Route leaks. Either due to fat fingers, software bugs, or even malicious intent, route leaks are a fact of BGP life. A simple way to deal with the issue is using prefix limits.
Setting a static (fixed) limit to prevent customers from advertising more prefixes than intended does not really work for a route server service: The customer advertising the most prefixes has to be taken as the standard from which the limit is derived.
That leaves all the other customers with a wide margin in which they can freely leak routes; if the limit was set to 15,000, a customer advertising only one prefix could leak 14,999 more before being shut down.
Adding insult to injury, this also has a cascading effect: Other route server peers having set a prefix limit for the session with the route servers, would potentially shut down the session, as they are now seeing thousands of additional prefixes.
Since late October 2013, AMS-IX is applying prefix limits specific to the AS connecting to the route server service. For instance, peers advertising only a couple of prefixes will have a maximum prefix limit of 100. Peers advertising thousands of prefixes will be calculated based on an inversely proportional coefficient.
Please see this question for examples and a breakdown of the formula used.
Fluctuations in advertisements are normal and expected. As long as these are within reason, our limits will adapt accordingly (hence "dynamic"). Please also see below FAQ.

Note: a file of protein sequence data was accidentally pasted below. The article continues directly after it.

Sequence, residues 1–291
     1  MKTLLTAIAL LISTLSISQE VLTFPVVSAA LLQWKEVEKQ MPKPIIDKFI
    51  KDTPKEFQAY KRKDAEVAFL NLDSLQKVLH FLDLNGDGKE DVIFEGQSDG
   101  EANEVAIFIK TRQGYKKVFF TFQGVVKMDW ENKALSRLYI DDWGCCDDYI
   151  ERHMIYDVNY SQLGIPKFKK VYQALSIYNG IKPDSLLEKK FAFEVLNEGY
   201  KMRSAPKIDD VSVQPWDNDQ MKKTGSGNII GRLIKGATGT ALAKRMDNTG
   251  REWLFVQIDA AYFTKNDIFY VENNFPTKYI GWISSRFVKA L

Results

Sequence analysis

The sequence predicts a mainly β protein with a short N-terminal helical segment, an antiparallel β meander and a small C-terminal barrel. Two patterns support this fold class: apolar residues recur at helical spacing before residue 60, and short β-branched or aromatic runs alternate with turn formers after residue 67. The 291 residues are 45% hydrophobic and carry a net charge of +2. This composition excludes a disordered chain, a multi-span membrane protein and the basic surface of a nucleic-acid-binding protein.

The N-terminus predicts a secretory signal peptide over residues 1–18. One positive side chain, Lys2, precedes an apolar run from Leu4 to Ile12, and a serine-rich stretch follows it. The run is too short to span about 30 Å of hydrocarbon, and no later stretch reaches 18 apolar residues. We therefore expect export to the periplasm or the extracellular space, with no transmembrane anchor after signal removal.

A: We hate to tear down sessions for no good reason, so rest assured that the limits are sufficiently relaxed. A 2 month lead period in which we were observing peer behavior and fine-tuned the algorithm ensured this as much as possible.
That being said, we value the stability of the service above everything else, so peers advertising suddenly thousands of prefixes when historically they have been advertising only a handful *will* hit the limit. In such cases, please contact us and we will be happy to reactivate the sessions.
A: Assuming you have member credentials, you can see your prefix limits here.
A: We can also set a static limit for you, please contact us and state the limit you wish.
A: AMS-IX specifically wants to ensure that the route server service is as stable as possible. Having peers announce unexpectedly large amounts of prefixes wreaks havoc as it tears down sessions for considerable amounts of peers causing CPU churn to all parties involved. This is a different matter compared to the *type* of prefixes advertised.
Cross checking announcements using Internet Resource Registries or other means is something we consider outside of our scope. We strive towards neutrality. Setting aside the route servers as a value added service, AMS-IX is basically, or at least behaves, as a Layer 2 platform, therefore we try to be as Layer 3 agnostic as possible.
Furthermore, IRRDB data is prone to inconsistencies and even more importantly, their usage is mostly limited to the western world. ASes from other regions of the world generally disregard IRRs.
A: Please consult the tables below:
|Announced Prefixes y||Coefficient x||Prefix Limit (yx < z)|
|y < 50||2||100|
|50 < y < 249||2||500|
|250 < y < 499||2||1000|
|500 < y < 999||2||2000|
|1000 < y < 2000||2 - 1,5||next step of 1000|
|2000 < y < 10000||1,5 - 2||next step of 1000|
|y > 10000||1,2||next step of 1000|
|25 Announced Prefixes x 2 = 50. Limit set to 100|
|51 Announced Prefixes x 2 = 102. Limit set to 500|
|300 Announced Prefixes x 2 = 600. Limit set to 1000|
|900 Announced Prefixes x 2 = 1800. Limit set to 2000|
|1500 Announced Prefixes x 1,35 = 2025. Limit set to 3000|
|9000 Announced Prefixes x 1,22 = 10980. Limit set to 11000|
|15000 Announced Prefixes x 1,2 = 18000. Limit set to 19000|